Branson Targets US Teens
"Well, there's something you don't see every day," your Unstrung correspondent thought to himself. "Sir Richard Branson in a bodysuit" (see Virgin Gets Naked on MTV).
We told you that Virgin Mobile USA LLC's nationwide launch event wasn't going to be your run-of-the-mill press conference (see Dick, Please Keep the Sweater On!). Sir Richard Branson and friends – including the cast of Broadway musical The Full Monty and scores of hired hands dressed in red leotards – launched the service, unveiled a content deal with broadcaster MTV Networks, and left little else to the imagination.
However, beneath the stunts and the oh-so-cheeky advertising ("Take me home and turn me on"), Virgin Mobile is undertaking a serious experiment in the stuffy ol' U.S.A. The carrier, part of Branson's Virgin Group, is targeting one of the last remaining untapped sources for wireless customers in the States: teenagers (that's 13- to 25-year-olds to all you marketing demographers out there).
In April, a report from the Yankee Group highlighted the youth market as one demanding a great deal more attention from the U.S. carriers (see Commentary: Beating the Saturation Blues). The solvent twenty- and thirtysomething professionals that carriers prefer to have on their books have now mostly signed up to wireless plans, so that market is getting saturated. Carriers need to look to the youth market if they want to keep on adding subscribers at a fast pace. The trouble is, the traditional carriers hate the kids: They hate dealing with their acne, their non-existent credit record, and the low ARPU (average revenue per user) they bring to the financial table.
"Our business model is very different from that of all the other carriers [in the U.S.]," Dan Schulman, CEO of Virgin Mobile USA, told Unstrung after the press conference. Because Virgin is piggybacking on Sprint PCS's (NYSE: PCS) network, it has only had to build minimal back-office facilities to support its users. In that way, Virgin can afford to target markets that generate lower ARPU.
Virgin is also betting that a prepaid service will be a big hit with American teens, in the same way it has been in Europe. "Prepaid" has been almost a dirty word for American carriers used to monthly service plans, but pay-as-you-go helped fuel the boom in wireless in Europe.
In fact, Virgin isn't even planning to offer a monthly service plan. Instead, users will buy prepaid cards or top up their minutes via a credit card. Virgin intends to charge customers $0.25 a minute for the first ten minutes of use, then $0.10 a minute after that. And that's a fixed rate: Virgin is making no distinction between peak and off-peak hours.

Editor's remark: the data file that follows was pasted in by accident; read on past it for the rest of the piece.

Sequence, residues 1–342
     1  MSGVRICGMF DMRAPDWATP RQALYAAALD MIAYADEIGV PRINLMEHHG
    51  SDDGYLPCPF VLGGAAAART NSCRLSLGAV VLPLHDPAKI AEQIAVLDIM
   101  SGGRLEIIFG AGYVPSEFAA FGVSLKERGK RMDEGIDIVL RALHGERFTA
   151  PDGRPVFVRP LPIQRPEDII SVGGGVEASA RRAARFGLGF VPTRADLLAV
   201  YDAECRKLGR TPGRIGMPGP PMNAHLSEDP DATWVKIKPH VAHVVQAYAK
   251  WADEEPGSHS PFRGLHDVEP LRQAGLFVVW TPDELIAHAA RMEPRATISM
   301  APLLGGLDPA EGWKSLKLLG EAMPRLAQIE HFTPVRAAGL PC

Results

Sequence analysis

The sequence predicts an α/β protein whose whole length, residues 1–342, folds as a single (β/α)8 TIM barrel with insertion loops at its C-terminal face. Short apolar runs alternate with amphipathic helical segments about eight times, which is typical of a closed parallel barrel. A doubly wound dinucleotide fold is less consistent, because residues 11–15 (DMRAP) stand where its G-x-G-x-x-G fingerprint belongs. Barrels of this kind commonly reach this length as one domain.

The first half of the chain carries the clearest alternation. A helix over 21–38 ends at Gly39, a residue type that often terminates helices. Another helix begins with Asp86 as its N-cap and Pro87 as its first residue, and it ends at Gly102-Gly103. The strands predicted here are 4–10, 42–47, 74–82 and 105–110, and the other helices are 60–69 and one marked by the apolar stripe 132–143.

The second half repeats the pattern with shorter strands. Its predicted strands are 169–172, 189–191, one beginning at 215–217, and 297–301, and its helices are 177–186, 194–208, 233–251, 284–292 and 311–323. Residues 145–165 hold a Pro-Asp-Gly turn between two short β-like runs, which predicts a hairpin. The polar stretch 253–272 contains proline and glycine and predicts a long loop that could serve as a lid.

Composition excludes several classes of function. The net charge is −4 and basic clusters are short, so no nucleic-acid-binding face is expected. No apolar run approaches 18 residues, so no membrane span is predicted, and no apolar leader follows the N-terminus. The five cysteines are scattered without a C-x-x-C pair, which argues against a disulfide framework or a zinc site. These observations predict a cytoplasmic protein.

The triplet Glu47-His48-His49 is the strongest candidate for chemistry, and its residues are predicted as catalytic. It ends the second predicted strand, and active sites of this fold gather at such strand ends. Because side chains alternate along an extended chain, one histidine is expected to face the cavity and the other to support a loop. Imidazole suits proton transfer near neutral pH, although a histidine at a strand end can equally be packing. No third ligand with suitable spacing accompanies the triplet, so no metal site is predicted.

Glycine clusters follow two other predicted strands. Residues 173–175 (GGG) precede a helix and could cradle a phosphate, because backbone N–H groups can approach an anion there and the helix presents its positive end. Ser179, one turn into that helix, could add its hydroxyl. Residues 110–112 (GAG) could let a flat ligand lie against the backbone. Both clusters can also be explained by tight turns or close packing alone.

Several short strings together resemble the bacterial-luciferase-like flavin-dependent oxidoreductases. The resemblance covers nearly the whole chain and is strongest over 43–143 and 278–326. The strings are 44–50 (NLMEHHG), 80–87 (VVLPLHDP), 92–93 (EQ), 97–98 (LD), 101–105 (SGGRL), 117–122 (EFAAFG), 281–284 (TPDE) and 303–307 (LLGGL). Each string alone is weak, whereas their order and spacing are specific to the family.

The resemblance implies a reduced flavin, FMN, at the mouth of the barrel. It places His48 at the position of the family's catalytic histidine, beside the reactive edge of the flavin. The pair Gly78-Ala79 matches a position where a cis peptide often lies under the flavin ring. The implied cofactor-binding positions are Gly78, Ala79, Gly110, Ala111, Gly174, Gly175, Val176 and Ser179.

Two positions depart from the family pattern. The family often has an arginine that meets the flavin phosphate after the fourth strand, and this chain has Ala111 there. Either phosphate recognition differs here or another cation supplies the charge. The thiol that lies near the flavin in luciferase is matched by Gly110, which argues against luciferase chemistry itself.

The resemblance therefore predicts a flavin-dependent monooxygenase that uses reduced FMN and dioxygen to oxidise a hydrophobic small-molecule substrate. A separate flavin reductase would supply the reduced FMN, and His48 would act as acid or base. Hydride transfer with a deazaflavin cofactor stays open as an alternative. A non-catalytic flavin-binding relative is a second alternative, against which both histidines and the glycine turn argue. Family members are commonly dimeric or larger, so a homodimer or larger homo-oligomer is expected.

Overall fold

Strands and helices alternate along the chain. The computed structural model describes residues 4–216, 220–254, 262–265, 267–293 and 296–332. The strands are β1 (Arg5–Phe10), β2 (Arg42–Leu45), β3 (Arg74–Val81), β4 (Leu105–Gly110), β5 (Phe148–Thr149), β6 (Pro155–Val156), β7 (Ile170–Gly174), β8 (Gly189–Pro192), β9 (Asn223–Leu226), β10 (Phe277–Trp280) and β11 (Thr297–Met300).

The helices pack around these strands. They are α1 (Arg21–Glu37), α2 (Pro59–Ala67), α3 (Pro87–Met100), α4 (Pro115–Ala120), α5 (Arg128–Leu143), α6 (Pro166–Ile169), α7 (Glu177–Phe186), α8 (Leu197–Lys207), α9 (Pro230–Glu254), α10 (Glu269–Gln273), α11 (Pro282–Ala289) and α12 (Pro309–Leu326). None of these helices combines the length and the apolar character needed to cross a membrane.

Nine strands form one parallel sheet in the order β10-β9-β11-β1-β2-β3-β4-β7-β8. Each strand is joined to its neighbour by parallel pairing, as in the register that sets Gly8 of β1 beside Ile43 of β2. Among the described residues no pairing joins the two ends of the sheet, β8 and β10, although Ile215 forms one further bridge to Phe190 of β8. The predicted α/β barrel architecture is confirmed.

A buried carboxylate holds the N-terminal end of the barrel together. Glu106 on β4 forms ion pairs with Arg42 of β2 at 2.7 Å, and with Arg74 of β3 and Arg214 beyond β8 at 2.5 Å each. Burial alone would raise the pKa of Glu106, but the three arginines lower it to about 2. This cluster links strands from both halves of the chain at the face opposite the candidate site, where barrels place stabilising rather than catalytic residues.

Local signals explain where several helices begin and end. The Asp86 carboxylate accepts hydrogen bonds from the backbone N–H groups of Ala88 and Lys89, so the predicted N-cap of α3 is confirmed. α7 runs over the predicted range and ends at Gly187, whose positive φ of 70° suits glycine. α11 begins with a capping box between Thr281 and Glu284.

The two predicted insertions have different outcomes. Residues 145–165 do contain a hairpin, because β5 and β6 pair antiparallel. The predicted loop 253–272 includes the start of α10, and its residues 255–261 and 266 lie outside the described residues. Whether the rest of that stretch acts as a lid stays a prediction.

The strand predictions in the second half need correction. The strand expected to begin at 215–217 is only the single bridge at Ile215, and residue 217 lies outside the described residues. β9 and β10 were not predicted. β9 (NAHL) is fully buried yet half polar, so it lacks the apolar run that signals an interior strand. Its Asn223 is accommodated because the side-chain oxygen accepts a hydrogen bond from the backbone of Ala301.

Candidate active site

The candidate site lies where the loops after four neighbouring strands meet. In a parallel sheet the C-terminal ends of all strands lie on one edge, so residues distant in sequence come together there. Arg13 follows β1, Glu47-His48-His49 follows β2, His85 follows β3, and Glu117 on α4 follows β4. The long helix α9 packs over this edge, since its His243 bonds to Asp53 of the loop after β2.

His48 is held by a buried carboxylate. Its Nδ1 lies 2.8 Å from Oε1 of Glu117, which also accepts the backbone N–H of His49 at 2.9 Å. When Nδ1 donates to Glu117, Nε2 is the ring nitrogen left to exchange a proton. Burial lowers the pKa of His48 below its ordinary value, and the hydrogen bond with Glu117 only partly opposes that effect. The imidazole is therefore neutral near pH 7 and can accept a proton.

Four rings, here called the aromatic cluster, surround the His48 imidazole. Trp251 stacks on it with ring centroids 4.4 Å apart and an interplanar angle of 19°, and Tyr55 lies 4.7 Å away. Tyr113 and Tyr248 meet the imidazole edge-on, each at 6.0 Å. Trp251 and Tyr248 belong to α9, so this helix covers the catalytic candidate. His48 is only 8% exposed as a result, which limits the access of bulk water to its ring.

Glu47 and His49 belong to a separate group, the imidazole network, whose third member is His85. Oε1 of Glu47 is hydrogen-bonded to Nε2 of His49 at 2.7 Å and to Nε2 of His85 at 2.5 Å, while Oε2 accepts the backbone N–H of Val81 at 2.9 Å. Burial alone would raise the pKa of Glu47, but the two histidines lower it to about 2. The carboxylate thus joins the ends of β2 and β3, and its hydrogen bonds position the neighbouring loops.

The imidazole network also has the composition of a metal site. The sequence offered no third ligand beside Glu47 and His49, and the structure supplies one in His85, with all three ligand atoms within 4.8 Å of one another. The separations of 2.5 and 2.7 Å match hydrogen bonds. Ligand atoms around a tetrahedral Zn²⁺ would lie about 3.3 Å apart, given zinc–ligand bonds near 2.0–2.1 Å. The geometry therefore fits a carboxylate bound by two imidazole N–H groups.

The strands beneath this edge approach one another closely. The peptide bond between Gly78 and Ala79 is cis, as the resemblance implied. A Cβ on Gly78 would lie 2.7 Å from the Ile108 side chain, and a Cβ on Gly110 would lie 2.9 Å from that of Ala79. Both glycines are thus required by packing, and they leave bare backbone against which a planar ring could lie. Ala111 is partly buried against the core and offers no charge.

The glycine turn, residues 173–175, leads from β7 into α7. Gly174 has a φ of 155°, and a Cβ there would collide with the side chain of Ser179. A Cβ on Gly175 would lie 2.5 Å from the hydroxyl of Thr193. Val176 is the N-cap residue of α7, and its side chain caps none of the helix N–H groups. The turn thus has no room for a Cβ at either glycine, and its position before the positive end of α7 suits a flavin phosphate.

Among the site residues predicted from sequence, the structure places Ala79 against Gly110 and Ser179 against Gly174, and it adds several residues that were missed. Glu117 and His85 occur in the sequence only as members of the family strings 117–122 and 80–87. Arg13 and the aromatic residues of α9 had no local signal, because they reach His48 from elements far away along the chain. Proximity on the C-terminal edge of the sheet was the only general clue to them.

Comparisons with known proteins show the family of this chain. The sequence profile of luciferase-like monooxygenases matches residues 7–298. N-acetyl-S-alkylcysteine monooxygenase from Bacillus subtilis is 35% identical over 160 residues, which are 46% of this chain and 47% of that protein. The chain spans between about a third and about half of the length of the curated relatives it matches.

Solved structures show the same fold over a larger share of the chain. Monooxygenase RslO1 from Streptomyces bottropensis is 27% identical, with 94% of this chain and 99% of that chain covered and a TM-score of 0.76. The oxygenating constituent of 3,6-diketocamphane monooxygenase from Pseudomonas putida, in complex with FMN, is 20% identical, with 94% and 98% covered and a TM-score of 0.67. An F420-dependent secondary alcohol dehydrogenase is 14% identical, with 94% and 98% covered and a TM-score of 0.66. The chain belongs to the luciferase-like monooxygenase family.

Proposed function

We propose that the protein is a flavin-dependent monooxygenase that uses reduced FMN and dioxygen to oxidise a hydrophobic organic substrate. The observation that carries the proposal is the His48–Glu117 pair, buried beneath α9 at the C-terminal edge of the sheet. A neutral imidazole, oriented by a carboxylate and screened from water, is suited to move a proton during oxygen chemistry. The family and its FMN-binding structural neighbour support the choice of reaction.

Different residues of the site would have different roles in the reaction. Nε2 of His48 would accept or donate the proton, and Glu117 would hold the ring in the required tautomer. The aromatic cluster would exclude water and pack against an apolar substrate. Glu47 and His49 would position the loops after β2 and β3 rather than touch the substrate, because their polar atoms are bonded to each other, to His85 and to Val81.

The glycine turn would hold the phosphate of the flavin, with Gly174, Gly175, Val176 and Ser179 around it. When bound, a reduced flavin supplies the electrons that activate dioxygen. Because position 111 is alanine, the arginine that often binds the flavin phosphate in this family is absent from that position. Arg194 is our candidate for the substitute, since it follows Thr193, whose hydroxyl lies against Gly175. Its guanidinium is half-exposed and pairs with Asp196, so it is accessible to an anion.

Users can currently buy a $99 or $129 CDMA handset. "We've budgeted for 350,000 sales by the end of the year," Virgin chairman Branson told Unstrung, as he adjusted his crotch-phone. "I'll be disappointed if we don't beat that."
The final part of the Virgin offering is all the "fun" applications it plans to offer its fresh-faced customers (see Dude, Where's My Phone?). These include SMS alerts, personalized voicemail, ringtones, and much more in a musical vein. This is where the association with MTV is critical, as the pair plan to develop much more interactive content as Virgin moves onto high-speed 3G networks next year.
The partnership with MTV is also crucial if Virgin is to get brand-awareness in the U.S., as Sir Richard candidly admitted. "We're known in the major cities in the U.S.," he said, but MTV will help the company to garner interest outside of New York or L.A.
Certainly, the association with MTV was a major selling point for the sheepish teens Unstrung queried about the service, in a very unscientific survey around Times Square. [Ed. note: sure they weren't merely unnerved by the funny bald man asking them about Virgins, Dan?] The consensus was: "If it has MTV on it, I'd be interested."
We had to ask Sir Richard one more question before we left, although it wasn't exactly wireless-related: Doesn't he ever get embarrassed by some of these events? After all, you'd never see Bill Gates strip down to his boxers for a Windows launch.
"Oh my God, yes," Branson says. "Sometimes, when they tell me what I'm going to be doing, I think, do I really have to do that? But I suppose if they make people smile, I'll carry on doing them."
— Dan Jones, Senior Editor, Unstrung